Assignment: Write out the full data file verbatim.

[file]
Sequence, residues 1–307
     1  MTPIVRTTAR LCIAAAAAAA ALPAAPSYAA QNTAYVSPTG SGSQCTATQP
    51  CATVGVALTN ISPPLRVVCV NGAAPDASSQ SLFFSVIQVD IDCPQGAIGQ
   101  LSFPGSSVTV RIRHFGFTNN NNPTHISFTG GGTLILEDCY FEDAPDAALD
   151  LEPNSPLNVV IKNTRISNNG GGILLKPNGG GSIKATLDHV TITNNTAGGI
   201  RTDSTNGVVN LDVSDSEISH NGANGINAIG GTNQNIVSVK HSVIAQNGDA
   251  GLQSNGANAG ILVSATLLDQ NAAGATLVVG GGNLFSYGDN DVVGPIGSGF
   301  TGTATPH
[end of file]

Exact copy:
Sequence, residues 1–307
     1  MTPIVRTTAR LCIAAAAAAA ALPAAPSYAA QNTAYVSPTG SGSQCTATQP
    51  CATVGVALTN ISPPLRVVCV NGAAPDASSQ SLFFSVIQVD IDCPQGAIGQ
   101  LSFPGSSVTV RIRHFGFTNN NNPTHISFTG GGTLILEDCY FEDAPDAALD
   151  LEPNSPLNVV IKNTRISNNG GGILLKPNGG GSIKATLDHV TITNNTAGGI
   201  RTDSTNGVVN LDVSDSEISH NGANGINAIG GTNQNIVSVK HSVIAQNGDA
   251  GLQSNGANAG ILVSATLLDQ NAAGATLVVG GGNLFSYGDN DVVGPIGSGF
   301  TGTATPH